California, like many states, according to Professor Cahn, has conflicting statutes. One provides that any man can establish parentage if he “receives the child into his home and openly holds the child out as his natural child.” But another statute holds that a man who provides his sperm to a doctor for the purpose of inseminating an unmarried friend is “treated as if he were not the natural father” — unless there is a specific written agreement ahead of conception.
Mr. Patric and Ms. Schreiber had no such agreement. And her lawyers say there was nothing cavalier or last minute about it: “Danielle knew about the law before she chose to proceed with a known sperm donation,” Mr. Heather said. “She made a carefully considered judgment.”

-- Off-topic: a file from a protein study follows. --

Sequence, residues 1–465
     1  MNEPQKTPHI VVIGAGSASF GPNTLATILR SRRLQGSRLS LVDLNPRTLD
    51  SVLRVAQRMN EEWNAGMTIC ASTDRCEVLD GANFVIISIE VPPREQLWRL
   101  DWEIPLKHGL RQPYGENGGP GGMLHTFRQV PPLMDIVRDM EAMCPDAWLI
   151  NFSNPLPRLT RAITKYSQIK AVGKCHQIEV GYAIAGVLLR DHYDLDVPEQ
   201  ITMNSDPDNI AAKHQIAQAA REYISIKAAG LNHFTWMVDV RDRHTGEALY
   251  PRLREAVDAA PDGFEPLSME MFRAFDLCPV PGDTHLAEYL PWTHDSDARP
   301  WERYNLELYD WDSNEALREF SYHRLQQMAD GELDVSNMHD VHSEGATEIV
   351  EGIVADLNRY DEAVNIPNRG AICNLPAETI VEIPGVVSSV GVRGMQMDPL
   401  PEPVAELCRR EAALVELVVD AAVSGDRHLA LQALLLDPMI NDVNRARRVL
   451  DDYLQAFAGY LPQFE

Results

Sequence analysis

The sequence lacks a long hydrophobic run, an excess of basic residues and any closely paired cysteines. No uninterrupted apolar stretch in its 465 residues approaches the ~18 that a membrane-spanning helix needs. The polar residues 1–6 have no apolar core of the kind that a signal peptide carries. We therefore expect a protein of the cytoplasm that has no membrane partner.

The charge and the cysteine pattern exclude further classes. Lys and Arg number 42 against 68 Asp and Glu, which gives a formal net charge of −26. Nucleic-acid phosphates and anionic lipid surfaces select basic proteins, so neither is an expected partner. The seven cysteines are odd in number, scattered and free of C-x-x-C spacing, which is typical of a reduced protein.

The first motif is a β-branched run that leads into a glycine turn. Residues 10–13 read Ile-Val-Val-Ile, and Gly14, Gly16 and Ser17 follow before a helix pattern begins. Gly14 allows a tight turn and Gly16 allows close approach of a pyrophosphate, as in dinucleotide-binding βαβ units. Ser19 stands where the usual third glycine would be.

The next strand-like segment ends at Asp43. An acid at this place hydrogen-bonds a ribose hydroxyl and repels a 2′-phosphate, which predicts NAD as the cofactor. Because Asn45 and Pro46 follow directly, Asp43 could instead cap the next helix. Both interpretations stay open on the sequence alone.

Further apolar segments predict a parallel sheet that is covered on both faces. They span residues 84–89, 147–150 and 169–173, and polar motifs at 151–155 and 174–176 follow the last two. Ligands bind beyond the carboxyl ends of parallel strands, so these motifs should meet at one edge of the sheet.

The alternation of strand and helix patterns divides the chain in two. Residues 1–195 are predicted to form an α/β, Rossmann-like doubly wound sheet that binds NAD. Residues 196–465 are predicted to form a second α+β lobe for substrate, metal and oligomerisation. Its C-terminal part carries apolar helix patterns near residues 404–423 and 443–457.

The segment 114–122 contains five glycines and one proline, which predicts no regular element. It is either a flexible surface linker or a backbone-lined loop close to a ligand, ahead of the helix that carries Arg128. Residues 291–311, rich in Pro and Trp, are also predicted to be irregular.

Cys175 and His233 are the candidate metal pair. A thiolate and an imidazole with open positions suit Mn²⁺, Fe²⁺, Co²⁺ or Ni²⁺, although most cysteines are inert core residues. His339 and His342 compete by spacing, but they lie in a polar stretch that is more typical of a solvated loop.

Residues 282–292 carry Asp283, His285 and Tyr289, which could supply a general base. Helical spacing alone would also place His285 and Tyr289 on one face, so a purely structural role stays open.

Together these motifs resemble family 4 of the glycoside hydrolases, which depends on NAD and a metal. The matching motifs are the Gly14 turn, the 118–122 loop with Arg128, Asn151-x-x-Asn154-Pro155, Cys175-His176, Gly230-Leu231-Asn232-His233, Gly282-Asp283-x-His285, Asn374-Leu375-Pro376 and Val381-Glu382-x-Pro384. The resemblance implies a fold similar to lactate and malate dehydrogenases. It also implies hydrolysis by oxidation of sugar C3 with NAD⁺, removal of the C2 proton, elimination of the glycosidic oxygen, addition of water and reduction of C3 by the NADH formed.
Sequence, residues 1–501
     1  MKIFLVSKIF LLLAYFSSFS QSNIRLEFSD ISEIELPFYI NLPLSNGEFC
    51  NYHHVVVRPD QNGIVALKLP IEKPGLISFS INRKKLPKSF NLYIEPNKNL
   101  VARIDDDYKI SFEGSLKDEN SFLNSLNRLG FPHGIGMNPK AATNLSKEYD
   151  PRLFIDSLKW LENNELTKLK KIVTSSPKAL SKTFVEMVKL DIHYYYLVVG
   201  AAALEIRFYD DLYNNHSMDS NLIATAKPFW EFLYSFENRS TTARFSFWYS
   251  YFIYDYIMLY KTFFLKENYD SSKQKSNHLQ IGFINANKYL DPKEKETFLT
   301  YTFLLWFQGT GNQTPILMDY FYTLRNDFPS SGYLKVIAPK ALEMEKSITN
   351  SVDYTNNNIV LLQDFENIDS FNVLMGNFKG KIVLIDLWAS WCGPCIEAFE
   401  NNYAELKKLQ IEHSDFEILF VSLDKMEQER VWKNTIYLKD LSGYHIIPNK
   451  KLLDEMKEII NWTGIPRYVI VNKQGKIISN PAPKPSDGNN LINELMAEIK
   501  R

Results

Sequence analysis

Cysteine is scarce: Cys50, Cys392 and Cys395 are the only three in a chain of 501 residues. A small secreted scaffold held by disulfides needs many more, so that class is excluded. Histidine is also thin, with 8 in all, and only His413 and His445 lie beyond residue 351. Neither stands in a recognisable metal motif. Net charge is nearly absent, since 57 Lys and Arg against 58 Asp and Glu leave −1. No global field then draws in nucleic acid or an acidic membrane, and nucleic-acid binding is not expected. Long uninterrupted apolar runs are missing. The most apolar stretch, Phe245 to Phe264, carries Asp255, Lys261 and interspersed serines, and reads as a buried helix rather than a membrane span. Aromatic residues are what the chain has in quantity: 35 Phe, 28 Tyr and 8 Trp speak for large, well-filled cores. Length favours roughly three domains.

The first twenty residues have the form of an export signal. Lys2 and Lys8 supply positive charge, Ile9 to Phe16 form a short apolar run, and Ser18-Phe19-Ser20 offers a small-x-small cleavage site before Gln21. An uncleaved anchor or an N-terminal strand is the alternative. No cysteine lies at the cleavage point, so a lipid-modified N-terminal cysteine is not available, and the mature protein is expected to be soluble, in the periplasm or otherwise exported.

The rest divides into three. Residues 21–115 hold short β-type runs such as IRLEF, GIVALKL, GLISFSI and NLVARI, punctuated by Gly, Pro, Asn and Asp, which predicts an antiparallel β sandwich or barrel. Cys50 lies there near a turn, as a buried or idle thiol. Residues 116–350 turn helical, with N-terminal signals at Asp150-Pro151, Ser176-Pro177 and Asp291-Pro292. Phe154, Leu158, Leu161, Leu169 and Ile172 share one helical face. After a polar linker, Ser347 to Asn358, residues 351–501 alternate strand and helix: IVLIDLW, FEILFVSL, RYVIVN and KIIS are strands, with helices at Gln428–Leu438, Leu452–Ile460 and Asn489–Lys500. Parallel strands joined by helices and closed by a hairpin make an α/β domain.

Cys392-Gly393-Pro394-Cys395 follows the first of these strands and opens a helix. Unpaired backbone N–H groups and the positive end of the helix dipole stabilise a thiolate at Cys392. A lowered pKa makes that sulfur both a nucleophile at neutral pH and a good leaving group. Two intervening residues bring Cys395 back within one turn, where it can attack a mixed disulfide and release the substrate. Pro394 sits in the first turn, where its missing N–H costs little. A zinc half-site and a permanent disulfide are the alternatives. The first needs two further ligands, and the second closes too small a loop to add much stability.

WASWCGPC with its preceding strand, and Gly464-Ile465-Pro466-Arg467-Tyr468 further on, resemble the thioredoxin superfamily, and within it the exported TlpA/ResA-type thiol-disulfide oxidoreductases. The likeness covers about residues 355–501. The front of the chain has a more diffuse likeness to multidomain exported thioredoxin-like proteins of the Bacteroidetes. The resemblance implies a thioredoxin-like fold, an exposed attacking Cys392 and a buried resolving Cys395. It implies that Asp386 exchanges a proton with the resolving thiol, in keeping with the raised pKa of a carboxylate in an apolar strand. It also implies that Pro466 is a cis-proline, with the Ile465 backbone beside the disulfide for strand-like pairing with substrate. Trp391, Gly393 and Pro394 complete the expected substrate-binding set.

Mr. Patric took her to court, holding up “intended parent” forms he signed at the sperm-donor clinic. Ms. Schreiber stood her ground, noting that Mr. Patric had asked that his name not be on the birth certificate. (“It would have thrust Gus into the limelight, and I wanted to protect him,” Mr. Patric said.) As for Gus calling Mr. Patric “Dada,” her lawyers say it doesn’t matter: Ms. Schreiber never intended to keep Mr. Patric’s identity a secret from Gus, but she did intend to prevent Mr. Patric from having any parental rights. (“The lies are stunning,” Mr. Patric said.)